Also, when we catch speckled trout, we’ll look at the bottom of their bellies for red marks that indicate that they are cleaning out a bed in preparation for the spawn. If we’re catching a good number of trout with red marks on their bellies, I’ll fish the Carolina rig. Instead of putting a cork up the line to keep the shrimp off the bottom, I’ll use a 20-pound test fluorocarbon leader line attached to a barrel swivel as my main line. I’ll use the lightest lead that I can possibly use up the line from the swivel to keep the bait close to the bottom, without interfering with the shrimp’s normal swimming pattern.

If we start catching numbers of redfish, I’ll take the 20-pound test leader line and add a 40-pound-test full carbon leader. Most of the time our water will be a little off-color, which allows us to use a somewhat heavier line than we normally will use in extremely-clear water. Most of the water we’ll be fishing will be 4-foot deep or less. The deepest water we’ll fish for speckled trout will be 6-8 feet deep.

Phillips: Are you only catching speckled trout when you use these types of rigs?

Schindler: No, we don’t put a label on our shrimp that says, “Only for speckled trout.” The two rigs that I’ve suggested means I’ll catch speckled trout, redfish, flounder and black drum on them. And, every once in a while, a pompano or possibly a sheepshead or even a shark may be caught when fishing around the barrier islands off Mississippi’s Gulf Coast. If you hit a perfect day, and the weather, the water and the fish are cooperating with you, with three people in the boat, you may catch three limits of speckled trout in 30-45 minutes of fishing, and then we’ll go fishing for redfish, flounder and tripletail.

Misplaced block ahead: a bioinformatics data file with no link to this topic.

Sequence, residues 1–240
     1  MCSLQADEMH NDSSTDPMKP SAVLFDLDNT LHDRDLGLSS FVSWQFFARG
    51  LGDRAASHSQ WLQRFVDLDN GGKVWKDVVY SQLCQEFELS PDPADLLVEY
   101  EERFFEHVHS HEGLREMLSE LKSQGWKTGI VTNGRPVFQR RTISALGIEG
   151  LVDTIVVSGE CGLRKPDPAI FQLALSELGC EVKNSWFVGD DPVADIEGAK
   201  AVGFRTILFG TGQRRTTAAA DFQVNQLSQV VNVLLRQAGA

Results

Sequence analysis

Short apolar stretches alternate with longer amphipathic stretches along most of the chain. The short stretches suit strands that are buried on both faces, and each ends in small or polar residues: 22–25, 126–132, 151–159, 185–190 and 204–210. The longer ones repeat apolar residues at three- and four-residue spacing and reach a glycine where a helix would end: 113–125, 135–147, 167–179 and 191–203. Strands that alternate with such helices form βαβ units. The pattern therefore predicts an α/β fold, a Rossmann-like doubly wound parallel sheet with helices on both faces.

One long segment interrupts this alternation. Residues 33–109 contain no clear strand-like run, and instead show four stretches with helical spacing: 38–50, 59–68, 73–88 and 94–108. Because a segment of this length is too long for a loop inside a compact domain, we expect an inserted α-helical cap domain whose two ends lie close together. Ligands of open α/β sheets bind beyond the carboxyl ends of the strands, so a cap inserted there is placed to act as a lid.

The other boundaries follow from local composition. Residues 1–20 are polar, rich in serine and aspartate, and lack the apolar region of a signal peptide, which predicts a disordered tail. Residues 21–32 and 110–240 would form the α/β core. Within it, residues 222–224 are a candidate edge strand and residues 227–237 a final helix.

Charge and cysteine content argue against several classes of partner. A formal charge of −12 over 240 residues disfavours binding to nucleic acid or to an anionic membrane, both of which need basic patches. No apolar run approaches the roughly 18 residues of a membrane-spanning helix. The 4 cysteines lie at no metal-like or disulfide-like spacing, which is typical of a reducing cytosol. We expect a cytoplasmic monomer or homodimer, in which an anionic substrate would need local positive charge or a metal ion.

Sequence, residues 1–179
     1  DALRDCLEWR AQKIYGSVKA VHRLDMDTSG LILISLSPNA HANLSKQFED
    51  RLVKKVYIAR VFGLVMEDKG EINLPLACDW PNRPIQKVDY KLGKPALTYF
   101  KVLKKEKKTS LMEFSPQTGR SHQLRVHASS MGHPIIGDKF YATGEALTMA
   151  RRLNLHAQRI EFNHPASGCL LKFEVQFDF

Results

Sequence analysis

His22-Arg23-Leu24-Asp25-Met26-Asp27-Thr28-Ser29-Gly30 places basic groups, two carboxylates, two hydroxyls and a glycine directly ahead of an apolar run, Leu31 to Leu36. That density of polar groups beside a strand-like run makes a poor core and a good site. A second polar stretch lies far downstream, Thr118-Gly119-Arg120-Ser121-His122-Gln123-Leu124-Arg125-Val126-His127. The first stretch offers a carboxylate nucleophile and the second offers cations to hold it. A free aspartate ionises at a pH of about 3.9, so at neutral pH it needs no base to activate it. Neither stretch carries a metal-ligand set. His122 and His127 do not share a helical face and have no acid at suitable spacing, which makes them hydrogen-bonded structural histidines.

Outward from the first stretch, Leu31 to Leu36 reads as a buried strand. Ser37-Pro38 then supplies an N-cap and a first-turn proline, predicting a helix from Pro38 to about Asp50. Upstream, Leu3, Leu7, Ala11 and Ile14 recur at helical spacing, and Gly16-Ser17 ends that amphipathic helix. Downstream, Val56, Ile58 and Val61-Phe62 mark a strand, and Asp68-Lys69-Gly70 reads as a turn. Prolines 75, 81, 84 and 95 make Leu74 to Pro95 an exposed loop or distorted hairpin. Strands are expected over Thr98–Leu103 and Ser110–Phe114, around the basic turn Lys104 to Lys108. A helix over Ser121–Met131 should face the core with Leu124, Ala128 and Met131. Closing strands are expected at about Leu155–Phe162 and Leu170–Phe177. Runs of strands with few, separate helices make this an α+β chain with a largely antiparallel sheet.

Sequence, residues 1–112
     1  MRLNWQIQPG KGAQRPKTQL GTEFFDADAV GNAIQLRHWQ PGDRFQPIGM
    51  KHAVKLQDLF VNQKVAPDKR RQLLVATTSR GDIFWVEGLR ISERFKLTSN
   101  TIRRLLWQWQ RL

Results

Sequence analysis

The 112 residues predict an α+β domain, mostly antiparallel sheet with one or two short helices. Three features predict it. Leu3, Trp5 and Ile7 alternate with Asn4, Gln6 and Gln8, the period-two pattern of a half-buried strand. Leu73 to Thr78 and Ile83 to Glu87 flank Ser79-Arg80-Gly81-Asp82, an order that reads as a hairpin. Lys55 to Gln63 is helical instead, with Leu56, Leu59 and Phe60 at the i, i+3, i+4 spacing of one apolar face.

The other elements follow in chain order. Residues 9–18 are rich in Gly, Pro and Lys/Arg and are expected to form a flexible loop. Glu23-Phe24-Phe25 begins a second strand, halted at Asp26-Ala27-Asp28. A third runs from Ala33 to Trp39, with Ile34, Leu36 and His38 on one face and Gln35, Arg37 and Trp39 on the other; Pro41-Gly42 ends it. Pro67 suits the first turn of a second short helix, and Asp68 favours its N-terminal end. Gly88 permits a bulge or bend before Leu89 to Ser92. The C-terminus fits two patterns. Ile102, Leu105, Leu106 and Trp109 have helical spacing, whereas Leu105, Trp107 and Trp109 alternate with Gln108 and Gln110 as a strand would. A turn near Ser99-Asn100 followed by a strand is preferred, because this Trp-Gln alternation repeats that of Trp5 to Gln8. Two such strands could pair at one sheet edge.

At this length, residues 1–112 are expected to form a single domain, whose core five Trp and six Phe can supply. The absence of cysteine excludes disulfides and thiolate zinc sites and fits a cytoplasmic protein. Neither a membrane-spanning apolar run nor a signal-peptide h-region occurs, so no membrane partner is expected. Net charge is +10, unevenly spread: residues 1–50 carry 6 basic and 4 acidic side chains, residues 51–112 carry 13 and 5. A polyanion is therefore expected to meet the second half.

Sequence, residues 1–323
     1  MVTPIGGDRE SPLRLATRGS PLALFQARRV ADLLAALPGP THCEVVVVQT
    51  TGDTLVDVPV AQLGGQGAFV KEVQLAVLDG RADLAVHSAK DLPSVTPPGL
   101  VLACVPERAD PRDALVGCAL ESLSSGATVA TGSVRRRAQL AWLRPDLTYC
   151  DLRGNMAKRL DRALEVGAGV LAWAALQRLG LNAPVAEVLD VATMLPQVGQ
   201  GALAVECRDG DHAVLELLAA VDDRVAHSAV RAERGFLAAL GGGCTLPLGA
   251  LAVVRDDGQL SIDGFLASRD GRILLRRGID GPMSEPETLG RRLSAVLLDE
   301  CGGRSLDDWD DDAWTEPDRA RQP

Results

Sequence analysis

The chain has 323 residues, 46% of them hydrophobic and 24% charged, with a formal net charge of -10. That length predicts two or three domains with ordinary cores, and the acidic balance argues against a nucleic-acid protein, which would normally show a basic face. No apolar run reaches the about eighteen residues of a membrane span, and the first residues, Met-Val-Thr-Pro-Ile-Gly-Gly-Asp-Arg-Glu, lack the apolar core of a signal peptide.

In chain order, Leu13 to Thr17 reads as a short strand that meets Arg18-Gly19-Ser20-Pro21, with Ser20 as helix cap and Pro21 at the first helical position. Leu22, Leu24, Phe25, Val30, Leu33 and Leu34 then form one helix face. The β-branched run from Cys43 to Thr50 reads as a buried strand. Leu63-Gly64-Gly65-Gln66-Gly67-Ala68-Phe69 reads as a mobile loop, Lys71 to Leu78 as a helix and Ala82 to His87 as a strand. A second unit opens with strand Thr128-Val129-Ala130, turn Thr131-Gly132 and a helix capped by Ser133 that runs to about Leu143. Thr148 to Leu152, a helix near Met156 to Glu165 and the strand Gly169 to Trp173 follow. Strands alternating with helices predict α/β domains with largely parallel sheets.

To contact Captain Sonny Schindler call 228-342-2206, Email: [email protected] or visit

To learn more about Upper Gulf Coast Fishing, check out John E. Phillips’ book “Fishing Mississippi’s Gulf Coast and Visitor’s Guide” at You may have to copy and paste this address into your browser. You also can go to John’s Author’s Page at to learn about his other outdoor books.

Tomorrow: Anglers can Catch Redfish and Flounder after Speckled Trout on Mississippi’s Gulf Coast